(Off Guardian) Remember, remember, the fifth of November, the gunpowder treason and plot…” But what was the plot? Who committed the treason? And where did they get the gunpowder?
It’s a very famous story, Guy Fawkes and his band of Catholics planting barrels of gunpowder under the houses of Parliament in an effort to blow up the building and assassinate the king.
…but did you know that the manufacture of gunpowder was a state monopoly in 1605? And that, in all the investigations following the exposure of the plot, no one ever ascertained how the conspirators had managed to obtain 36 barrels of gun powder?
…or that there are multiple conflicting accounts of how/when/where Fawkes was actually arrested?
…or that contemporary figures wrote that the government knew of the alleged plot months before November 5th?
…or that alleged ringleader Robert Catesby, according to his servant, met with James’ spymaster Sir Robert Cecil at least three separate times in 1605?
…or that this plot was politically very convenient for a “monumentally unpopular” king James I?
These are just some of the contradictions present in the official story, which should remind us that false flags and narrative construction are not new tools, they have centuries of history behind them.
Gloria Moss wrote a long piece about this last year, but for those of you looking for some cosy autumn evening viewing we suggest Gunpowder, Treason and Plot, which Catte first wrote about back in 2016:
This 2001 UK Channel 4 documentary explores the legends and myths and historical realities behind the famous November 5 “gunpowder plot” of 1605, in which a group of disaffected Catholics – including the infamous Guido (Guy) Fawkes – allegedly planned to blow up King James I and his government at the State Opening of Parliament in 1605, using barrels of gunpowder stashed in the cellars of the palace of Westminster.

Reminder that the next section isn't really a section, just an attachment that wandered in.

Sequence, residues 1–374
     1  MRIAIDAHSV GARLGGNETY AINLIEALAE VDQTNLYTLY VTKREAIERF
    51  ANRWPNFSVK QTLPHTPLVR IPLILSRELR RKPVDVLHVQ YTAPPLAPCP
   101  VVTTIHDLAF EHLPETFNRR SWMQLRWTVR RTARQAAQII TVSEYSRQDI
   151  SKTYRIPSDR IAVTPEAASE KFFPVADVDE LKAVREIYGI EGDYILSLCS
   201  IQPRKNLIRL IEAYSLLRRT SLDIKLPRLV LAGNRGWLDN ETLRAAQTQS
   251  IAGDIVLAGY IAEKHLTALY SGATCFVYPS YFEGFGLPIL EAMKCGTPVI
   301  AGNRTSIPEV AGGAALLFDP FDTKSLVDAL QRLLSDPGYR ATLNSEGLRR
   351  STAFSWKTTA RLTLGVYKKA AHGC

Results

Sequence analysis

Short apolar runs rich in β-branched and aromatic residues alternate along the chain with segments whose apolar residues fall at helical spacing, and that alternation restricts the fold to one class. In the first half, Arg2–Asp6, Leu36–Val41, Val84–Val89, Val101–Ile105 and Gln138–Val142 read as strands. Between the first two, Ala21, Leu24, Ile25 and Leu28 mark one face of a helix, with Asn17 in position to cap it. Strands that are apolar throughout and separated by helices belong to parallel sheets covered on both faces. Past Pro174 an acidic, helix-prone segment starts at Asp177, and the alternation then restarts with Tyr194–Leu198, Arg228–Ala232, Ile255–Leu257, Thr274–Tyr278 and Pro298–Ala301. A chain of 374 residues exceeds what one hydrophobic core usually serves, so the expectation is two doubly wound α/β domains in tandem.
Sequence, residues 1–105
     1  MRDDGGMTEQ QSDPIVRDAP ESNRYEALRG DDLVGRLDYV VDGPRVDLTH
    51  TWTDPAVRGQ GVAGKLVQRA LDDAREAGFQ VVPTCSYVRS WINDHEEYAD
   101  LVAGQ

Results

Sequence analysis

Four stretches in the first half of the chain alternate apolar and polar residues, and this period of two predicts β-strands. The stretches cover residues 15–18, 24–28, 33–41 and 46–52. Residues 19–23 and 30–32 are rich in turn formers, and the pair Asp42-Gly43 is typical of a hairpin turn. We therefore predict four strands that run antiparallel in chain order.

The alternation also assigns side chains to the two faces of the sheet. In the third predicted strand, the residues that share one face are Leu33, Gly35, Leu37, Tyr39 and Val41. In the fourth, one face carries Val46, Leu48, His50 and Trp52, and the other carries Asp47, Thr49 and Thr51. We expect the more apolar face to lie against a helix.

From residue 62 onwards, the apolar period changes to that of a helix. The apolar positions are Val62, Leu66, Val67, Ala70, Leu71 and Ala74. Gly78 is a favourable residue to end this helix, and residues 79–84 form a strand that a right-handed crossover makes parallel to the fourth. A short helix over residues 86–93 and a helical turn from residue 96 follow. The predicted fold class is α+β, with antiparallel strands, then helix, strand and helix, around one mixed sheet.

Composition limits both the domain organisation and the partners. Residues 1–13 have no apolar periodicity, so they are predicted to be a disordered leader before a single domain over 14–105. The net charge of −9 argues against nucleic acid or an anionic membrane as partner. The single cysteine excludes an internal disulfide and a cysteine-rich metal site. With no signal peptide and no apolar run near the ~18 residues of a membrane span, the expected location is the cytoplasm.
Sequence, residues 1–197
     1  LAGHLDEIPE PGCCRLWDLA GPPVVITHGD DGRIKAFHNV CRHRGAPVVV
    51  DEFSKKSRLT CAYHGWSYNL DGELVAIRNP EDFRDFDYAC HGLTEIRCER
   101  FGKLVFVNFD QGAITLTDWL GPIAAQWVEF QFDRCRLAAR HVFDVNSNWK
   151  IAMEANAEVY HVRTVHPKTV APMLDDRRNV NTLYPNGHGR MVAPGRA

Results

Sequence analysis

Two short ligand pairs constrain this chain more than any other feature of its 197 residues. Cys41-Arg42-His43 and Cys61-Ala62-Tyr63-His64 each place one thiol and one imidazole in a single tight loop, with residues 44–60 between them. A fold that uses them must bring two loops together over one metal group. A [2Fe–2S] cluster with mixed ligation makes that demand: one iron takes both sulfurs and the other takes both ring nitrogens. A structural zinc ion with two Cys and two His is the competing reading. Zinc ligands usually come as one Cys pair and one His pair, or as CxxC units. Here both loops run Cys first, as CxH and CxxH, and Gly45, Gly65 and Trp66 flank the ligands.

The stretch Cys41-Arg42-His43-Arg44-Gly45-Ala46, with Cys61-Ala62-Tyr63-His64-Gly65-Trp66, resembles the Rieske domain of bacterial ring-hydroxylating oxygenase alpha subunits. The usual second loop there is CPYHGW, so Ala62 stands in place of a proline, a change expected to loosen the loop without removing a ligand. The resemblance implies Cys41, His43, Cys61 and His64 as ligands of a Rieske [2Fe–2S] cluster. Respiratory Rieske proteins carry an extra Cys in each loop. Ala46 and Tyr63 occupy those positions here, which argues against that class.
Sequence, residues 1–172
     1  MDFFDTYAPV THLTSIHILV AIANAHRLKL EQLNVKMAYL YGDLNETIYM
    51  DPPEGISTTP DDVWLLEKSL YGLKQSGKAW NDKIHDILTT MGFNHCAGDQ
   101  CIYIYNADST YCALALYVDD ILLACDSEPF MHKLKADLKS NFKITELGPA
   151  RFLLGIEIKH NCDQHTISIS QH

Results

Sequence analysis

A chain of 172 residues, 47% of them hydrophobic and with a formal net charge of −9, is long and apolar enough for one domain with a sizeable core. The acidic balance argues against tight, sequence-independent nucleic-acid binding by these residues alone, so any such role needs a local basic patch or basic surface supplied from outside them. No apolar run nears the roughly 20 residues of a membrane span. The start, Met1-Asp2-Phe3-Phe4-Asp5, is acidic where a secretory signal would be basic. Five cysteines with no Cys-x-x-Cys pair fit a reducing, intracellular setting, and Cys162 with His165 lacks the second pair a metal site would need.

Happily for James the plot was fortuitously uncovered hours before the ceremony was due to commence. Guido Fawkes was apprehended in flagrante in the cellars, surrounded by kegs of gunpowder. He confessed under torture.
The other alleged conspirators were soon rounded up and either died resisting arrest or were hanged drawn and quartered in batches.
The end result of this was a return of harsh state persecution of Catholics living in England, who had been permanently disenfranchised and persecuted since the early days of Elizabeth I’s reign, some fifty years earlier.
In 1604 there had been a move to soften the government’s stance on this. But the “gunpowder plot” convinced even the most dovelike officials that there was no room for compromise with the “agents of the Pope.”
So, was the “gunpowder plot” exactly what you will read about in the history books, an ad hoc conspiracy by a few angry Catholics?
Or does it have some hallmarks we will recognise as oddly modern and familiar? Was this an early case of LIHOP? Or something even darker than that?
This documentary dares to at least touch on some of these questions.
If it were being made now, for a major mainstream outlet, would this be considered acceptable?